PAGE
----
Additional services: Cancer Council also offers professional support through Cancer Connect, a free and confidential telephone peer support service operated by specially trained volunteers who have endured their own cancer experiences. You can also utilise the online community and its virtual support groups, blogs and discussion forums specifically for cancer carers.

Alternative support options: Though not an Australian-based organisation, the American Cancer Society has been a leader in the global fight against cancer for more than a century. They’ve got many online resources, including a carer support video series, carer resource guides and online communities. Cancer Australia, meanwhile, maintains an organised list of support and advocacy groups, many of which offer state- and territory-based special interest groups on their websites.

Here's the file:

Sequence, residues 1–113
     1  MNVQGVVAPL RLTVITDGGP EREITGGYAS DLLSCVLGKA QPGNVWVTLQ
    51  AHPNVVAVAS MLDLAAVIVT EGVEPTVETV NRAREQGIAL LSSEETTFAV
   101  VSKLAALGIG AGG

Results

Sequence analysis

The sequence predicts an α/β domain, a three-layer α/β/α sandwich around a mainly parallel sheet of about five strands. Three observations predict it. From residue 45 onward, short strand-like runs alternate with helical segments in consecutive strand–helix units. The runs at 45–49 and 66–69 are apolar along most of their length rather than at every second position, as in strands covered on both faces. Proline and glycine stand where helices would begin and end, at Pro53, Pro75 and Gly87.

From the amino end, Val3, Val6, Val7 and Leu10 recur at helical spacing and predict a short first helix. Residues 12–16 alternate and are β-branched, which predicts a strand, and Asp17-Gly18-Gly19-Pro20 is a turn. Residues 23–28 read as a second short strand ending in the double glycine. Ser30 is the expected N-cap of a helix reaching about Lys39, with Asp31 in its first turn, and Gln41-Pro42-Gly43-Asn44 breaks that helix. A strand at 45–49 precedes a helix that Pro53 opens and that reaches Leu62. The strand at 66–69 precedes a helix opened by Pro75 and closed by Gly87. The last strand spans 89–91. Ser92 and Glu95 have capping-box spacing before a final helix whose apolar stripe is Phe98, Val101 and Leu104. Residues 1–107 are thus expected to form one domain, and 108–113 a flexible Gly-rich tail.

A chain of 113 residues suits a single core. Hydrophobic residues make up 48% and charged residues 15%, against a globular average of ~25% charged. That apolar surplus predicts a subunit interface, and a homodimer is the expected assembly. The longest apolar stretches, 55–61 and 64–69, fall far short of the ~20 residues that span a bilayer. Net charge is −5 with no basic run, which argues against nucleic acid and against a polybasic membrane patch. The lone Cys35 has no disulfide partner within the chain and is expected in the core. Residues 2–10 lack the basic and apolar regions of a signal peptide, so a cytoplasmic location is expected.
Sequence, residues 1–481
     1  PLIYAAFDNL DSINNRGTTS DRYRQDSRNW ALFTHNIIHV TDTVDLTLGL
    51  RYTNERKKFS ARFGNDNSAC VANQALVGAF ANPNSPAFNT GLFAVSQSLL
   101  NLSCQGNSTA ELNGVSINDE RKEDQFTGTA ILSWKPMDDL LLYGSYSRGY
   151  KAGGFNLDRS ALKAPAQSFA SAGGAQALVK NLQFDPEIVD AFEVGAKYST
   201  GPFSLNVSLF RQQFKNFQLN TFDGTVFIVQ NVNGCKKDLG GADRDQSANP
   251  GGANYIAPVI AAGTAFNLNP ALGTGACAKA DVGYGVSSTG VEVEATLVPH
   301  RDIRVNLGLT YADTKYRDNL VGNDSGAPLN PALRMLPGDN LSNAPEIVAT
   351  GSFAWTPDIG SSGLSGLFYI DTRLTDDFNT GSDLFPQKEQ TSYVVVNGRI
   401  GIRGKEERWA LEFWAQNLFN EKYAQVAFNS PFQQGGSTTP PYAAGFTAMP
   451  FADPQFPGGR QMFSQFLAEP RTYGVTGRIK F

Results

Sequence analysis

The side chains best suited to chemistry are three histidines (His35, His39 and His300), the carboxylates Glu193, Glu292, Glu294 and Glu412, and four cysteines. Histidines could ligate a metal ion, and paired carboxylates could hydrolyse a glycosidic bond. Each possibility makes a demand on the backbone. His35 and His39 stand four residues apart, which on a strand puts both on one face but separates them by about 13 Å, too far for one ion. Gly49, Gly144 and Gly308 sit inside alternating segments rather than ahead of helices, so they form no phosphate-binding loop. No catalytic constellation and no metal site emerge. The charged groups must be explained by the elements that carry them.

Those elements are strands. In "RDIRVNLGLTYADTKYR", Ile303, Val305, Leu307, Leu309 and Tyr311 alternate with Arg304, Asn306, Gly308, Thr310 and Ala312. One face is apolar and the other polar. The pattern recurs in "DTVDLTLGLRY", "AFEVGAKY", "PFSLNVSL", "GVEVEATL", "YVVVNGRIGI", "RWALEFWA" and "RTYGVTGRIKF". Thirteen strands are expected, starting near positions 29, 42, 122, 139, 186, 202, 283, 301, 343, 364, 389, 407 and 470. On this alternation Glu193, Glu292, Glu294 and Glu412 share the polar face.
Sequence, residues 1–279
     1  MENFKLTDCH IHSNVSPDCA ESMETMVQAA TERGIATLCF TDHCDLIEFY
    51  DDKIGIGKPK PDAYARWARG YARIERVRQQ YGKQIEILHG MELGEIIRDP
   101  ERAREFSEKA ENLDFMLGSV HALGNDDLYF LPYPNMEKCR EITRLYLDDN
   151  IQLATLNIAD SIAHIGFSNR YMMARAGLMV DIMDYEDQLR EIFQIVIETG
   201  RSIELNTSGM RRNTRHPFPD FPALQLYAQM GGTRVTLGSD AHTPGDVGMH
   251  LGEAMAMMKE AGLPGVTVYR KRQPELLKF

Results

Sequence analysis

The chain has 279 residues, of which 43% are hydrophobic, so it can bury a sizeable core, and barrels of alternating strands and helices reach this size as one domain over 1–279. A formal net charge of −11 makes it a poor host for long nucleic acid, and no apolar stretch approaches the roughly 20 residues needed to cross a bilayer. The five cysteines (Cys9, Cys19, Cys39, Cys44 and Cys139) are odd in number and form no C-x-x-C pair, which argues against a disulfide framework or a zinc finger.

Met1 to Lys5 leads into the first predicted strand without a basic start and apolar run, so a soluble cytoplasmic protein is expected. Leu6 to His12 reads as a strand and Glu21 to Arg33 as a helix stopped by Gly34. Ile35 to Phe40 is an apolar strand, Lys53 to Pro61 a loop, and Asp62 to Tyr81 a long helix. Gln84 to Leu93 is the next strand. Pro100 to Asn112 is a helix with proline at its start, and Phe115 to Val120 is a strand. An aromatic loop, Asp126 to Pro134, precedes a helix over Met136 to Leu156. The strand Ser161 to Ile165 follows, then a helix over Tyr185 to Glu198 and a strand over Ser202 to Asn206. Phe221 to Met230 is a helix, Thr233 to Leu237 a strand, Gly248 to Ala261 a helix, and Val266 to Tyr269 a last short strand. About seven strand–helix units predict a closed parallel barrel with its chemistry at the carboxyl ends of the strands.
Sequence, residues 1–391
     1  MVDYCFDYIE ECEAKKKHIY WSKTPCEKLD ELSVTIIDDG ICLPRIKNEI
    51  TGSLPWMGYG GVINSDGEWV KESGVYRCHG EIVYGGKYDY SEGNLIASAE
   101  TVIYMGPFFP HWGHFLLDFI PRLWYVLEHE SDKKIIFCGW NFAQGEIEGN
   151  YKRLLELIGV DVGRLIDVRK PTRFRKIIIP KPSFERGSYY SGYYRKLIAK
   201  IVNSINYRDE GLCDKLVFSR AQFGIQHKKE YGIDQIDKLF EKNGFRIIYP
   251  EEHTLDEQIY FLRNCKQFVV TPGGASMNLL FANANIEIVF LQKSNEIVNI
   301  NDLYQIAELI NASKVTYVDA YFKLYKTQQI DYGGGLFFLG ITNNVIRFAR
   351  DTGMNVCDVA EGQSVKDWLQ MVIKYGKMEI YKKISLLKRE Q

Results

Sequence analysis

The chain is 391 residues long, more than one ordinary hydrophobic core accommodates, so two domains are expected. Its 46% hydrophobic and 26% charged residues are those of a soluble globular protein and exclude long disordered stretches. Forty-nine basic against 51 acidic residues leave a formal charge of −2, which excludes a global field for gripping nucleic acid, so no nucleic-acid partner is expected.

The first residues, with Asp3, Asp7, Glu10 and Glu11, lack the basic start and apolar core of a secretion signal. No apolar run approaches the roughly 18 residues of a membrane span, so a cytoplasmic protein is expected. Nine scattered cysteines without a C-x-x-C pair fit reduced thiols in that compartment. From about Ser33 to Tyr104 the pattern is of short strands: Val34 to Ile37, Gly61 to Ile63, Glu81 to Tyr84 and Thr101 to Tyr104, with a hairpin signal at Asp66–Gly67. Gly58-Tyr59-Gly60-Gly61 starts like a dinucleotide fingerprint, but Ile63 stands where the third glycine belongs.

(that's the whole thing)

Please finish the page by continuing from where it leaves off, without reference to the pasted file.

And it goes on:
Parkinson’s Carer Support Groups

Where to start: Parkinson’s Australia

How to get support: Ring the Parkinson’s Info Line on 1800 644 189 to learn about Parkinson’s carer support groups near you.

Additional services: Fight Parkinson’s—which is the operating name of Parkinson’s Victoria—offers peer support groups. Contact the Fight Parkinson’s office by calling 03 8809 0400 or emailing to find out about groups near you.

Alternative support options: Other localised options for carer support include Parkinson’s Queensland and Parkinson’s NSW. The Shake It Up Foundation also has resources for Parkinson’s carers, including online support groups available through the Michael J. Fox Foundation website.